Tardigrades, affectionately known as water bears, are microscopic animals that can survive in almost any environment. We already know it’s possible for scientists to bring tardigrades back to life after a 30-year deep freeze. As “extremophiles,” tardigrades can shut down their metabolism and survive in hostile conditions for long periods. But can they survive in space, more specifically on the moon?
Back in April, an Israeli spacecraft called Beresheet, which carried thousands of dehydrated tardigrades (among other cargo), crashed on the moon. Some people wondered if the water bears could survive.
IT WAS JUST before midnight on April 11 and everyone at the Israel Aerospace Industries mission control center in Yehud, Israel, had their eyes fixed on two large projector screens. On the left screen was a stream of data being sent back to Earth by Beresheet, its lunar lander, which was about to become the first private spacecraft to land on the moon. The right screen featured a crude animation of Beresheet firing its engines as it prepared for a soft landing in the Sea of Serenity. But only seconds before the scheduled landing, the numbers on the left screen stopped. Mission control had lost contact with the spacecraft, and it crashed into the moon shortly thereafter.
Half a world away, Nova Spivack watched a livestream of Beresheet’s mission control from a conference room in Los Angeles. As the founder of the Arch Mission Foundation, a nonprofit whose goal is to create “a backup of planet Earth,” Spivack had a lot at stake in the Beresheet mission. The spacecraft was carrying the foundation’s first lunar library, a DVD-sized archive containing 30 million pages of information, human DNA samples, and thousands of tardigrades, those microscopic “water bears” that can survive pretty much any environment—including space.
But when the Israelis confirmed Beresheet had been destroyed, Spivack was faced with a distressing question: Did he just smear the toughest animal in the known universe across the surface of the moon?
Tardigrades may have survived spacecraft crashing on moon
The odds of finding life on the moon have suddenly rocketed skywards. But rather than elusive alien moonlings, the beings in question came from Earth and were spilled across the landscape when a spacecraft crashed into the surface.
The Israeli Beresheet probe was meant to be the first private lander to touch down on the moon. And all was going smoothly until mission controllers lost contact in April as the robotic craft made its way down. Beyond all the technology that was lost in the crash, Beresheet had an unusual cargo: a few thousand tiny tardigrades, the toughest animals on Earth.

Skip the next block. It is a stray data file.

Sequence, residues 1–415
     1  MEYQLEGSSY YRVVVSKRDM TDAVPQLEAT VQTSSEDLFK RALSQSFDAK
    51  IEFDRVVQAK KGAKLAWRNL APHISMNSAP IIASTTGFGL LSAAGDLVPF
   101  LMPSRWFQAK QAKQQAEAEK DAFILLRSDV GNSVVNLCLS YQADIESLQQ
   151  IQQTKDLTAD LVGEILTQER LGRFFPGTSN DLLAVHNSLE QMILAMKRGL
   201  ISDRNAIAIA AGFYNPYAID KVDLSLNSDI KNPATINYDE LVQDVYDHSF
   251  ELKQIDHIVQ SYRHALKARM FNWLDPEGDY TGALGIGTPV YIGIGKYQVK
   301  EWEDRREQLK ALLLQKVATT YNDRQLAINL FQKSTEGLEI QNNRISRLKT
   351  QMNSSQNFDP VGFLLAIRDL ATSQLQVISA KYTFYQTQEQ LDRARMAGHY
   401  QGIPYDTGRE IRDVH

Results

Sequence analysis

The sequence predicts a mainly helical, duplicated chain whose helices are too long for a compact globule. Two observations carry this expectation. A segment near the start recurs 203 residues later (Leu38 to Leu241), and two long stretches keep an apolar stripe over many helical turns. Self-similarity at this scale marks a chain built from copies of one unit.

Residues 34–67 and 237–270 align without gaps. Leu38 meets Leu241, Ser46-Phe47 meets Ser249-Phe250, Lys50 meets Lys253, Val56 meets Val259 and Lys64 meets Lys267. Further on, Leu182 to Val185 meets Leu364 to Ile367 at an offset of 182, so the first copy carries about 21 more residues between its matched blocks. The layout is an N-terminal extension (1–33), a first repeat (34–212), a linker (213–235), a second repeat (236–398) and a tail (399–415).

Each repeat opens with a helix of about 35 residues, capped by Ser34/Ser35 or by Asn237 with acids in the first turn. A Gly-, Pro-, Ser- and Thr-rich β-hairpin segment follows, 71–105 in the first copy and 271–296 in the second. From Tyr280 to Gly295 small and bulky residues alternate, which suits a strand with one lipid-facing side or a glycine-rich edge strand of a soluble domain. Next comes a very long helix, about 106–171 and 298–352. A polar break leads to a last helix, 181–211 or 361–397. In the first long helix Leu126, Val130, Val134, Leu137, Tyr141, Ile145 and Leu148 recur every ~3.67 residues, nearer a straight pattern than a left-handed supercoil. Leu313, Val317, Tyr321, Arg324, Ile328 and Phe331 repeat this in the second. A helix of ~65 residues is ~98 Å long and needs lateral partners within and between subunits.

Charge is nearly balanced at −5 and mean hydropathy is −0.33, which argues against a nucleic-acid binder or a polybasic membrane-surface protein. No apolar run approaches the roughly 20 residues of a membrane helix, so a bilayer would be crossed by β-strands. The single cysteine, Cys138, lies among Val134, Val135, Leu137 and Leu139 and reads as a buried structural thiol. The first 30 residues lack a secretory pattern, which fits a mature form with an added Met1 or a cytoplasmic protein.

Now, the organisation behind the tardigrades’ trip, the US-based Arch Mission Foundation – whose goal is to find a backup for Earth – has said the organisms may well have shrugged off the collision. “Our payload may be the only surviving thing from that mission,” Nova Spivack, the organisation’s founder, told Wired magazine.
Tardigrades have fascinated scientists since their discovery in the 18th century by the German zoologist and pastor Johann August Ephraim Goeze. The millimetre-long animals, sometimes known as water bears or moss piglets after their favoured environment and food, resemble cheerful eight-legged maggots wearing distinctly sphincter-like faces.
But it is not their appearance that has made their name. Tardigrades are considered the hardiest animals on Earth. They have been found on mountain tops, in scorching deserts, and lurking in subglacial lakes in Antarctica. In his book The Hidden Powers of Animals, Dr Karl Shuker claimed the beasts survived being frozen in liquid helium and being boiled at 149C.
The tardigrade’s secret is the ability to shrivel into a seed-like pod, expelling nearly all of its water and slashing its metabolism. In this “tun” state, the animals can hunker down and survive conditions that would normally be swiftly fatal. In 2007, scientists discovered that inactive tardigrades are so tough they can survive the harsh radiation and frigid vacuum of space travel.
And so it came to be that there is life on the moon, probably. Lukasz Kaczmarek, a tardigrade expert and astrobiologist at the Adam Mickiewicz University in Poznań, said the animals may well have survived the crash landing. “Tardigrades can survive pressures that are comparable to those created when asteroids strike Earth, so a small crash like this is nothing to them,” he said. The animals could potentially survive on the moon for years, he added.
Dehydrated tardigrades have been revived after years in an inactive state by plunging them into water. Once rehydrated, the animals become active again and feed and reproduce as normal. There is little chance of that happening to those that are lost in space, however. “They cannot colonise the moon because there is no atmosphere and no liquid water,” Kaczmarek said. “But it could be possible to bring them back to Earth and then add the water. They should resurrect.”
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